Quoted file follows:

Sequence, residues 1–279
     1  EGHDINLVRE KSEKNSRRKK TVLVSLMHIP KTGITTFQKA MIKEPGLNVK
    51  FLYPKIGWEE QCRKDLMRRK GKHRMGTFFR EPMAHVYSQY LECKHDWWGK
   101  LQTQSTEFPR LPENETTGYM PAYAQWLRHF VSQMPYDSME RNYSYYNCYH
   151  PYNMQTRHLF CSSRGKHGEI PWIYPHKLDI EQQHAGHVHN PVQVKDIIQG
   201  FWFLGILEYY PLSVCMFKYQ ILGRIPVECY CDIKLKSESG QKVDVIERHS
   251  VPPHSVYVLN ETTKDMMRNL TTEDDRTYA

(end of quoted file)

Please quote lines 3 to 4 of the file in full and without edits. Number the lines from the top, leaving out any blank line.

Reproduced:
    51  FLYPKIGWEE QCRKDLMRRK GKHRMGTFFR EPMAHVYSQY LECKHDWWGK
   101  LQTQSTEFPR LPENETTGYM PAYAQWLRHF VSQMPYDSME RNYSYYNCYH